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UGA's Siddharth Vij feeds a calf at the UGA-Tifton dairy. CAES News
New Faculty Tour
New faculty at the University of Georgia learned why agriculture continues to be the state's biggest economic driver and how UGA leads the way in helping Georgians sustain and improve commodities like peanuts, poultry, pecans and turfgrass.
Aspiring grape grower Rachel Crow and wine science aficionado John Adams examine grape vines at Stonepile Vineyards in Clarkesville, Georgia, during the inaugural UGA Cooperative Extension Viticulture Team Vineyard Tour. CAES News
Vineyard Tour
Georgia’s wine grape harvest will be a bit behind schedule, but the grapes look good and should produce quality wine.
At 75, Frank Williams is retired from his position as the groundskeeper for the University of Georgia Coastal Georgia Botanical Garden at the Historic Bamboo Farm in Savannah, Georgia. But he still works there three days a week and he hasn't slowed down a bit. CAES News
Williams Honored
After more than 30 years, Frank Williams has retired from his position as the groundskeeper for the University of Georgia Coastal Georgia Botanical Garden (CGBG) at the Historic Bamboo Farm, but he still works there three days a week. Even at 75, he hasn’t slowed down.
Millipedes are often called “thousand-legged worms.” They don't carry diseases that affect people, animals or plants, but some species are capable of secreting chemicals that can irritate the skin and eyes and cause allergic reactions. CAES News
Creepy Crawlers
Millipedes and centipedes often come indoors and strike fear in homeowners. Millipedes aren’t poisonous, but some species can secrete chemicals that can irritate the skin and eyes and cause allergic reactions. Centipedes seldom bite, but their jaws contain poison glands.
Greg Fonsah (left), University of Georgia Tifton campus professor, will lead Auxence Muhigwa Akonkwa, a Fellow visiting UGA-Tifton from the Democratic Republic of Congo, in banana research. Akonkwa is taking part in Fonsah's research through the Mandela Washington Fellowship for Young African Leaders program. CAES News
Mandela Fellowship
Auxence Muhigwa Akonkwa, a Fellow from the Democratic Republic of Congo in central Africa, will visit the University of Georgia Tifton campus through the Mandela Washington Fellowship for Young African Leaders program.
Sophia Rodriguez of Liberty County is among the 50 Georgia 4-H members who were awarded first place in their category during State 4-H Congress held July 24-27. Rodriguez competed in the health category. CAES News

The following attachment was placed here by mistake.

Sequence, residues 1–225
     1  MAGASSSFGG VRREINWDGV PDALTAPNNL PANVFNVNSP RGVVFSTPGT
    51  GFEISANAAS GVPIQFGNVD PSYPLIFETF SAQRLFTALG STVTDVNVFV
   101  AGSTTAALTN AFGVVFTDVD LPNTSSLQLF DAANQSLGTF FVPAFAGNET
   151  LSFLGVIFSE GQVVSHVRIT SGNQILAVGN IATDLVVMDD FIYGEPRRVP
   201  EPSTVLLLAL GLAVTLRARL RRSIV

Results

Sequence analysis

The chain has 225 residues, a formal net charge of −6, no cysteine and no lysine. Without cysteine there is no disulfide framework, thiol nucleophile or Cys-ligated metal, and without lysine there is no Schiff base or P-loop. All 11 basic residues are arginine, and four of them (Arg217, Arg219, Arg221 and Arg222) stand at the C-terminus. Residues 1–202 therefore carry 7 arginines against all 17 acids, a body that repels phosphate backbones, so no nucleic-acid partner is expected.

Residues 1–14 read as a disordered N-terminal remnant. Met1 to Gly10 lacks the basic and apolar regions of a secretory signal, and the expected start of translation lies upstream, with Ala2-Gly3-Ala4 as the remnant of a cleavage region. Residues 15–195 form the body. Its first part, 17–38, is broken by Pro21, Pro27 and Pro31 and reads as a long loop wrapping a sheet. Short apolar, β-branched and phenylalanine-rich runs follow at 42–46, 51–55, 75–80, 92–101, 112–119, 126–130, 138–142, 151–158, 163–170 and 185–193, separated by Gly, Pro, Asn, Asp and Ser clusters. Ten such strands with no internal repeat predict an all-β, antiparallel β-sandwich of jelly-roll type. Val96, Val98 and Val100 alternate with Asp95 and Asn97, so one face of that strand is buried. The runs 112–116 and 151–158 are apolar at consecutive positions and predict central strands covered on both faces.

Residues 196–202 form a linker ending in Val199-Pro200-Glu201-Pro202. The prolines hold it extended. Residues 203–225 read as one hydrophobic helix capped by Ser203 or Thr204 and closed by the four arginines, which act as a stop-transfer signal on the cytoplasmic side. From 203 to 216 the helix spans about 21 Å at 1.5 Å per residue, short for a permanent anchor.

Master 4-H'ers
Competing against their peers across the state, fifty Georgia 4-H members ultimately earned the coveted title of “Master 4-H’er” at the annual Georgia 4-H State Congress, held July 24-27 at the Crowne Plaza Ravinia in Atlanta.
Mosquitoes feed on sugar water in Mark Brown's endocrinology lab on UGA's Athens campus. CAES News
Mosquito Season
Georgians only face a few more weeks of mosquito season, but the state’s residents need to stay vigilant to keep mosquito populations in check.
Temperatures across Georgia returned to normal in July; monthly average temperatures were within one degree of normal across the state. CAES News
Hot and Humid
July saw the return of normal summertime temperatures to Georgia, but those normal summertime temperatures are still punishingly hot.
Logan Moore is the first graduate of a new dual master's degree program in sustainable agriculture from the UGA College of Agricultural and Environmental Sciences (CAES) and UNIPD in Italy. He now holds master's degrees from both universities. CAES News
Dual-degree Graduates
Time flies, especially when you’re studying a subject you love in the heart of Italy. For University of Georgia graduate student Logan Moore, who has spent the last 18 months conducting research and pursuing his master’s degree in sustainable agriculture, his time at the University of Padova, or Università degli Studi di Padova (UNIPD), has come to an end and his degrees are complete.
Hydrangea paniculata varieties, like 'Chantilly Lace' and 'Pink Winky,' have both sterile and fertile flowers and attract a lot of bees, butterflies and other pollinators. CAES News
Bee Watching
Move over bird-watchers! Backyard insect-watching has become a popular pastime thanks to the public’s increased interest in pollinator health and habitats. Learning about the types of the bees and the wing colors of migrating butterflies can enrich the pollinator experience in the home garden.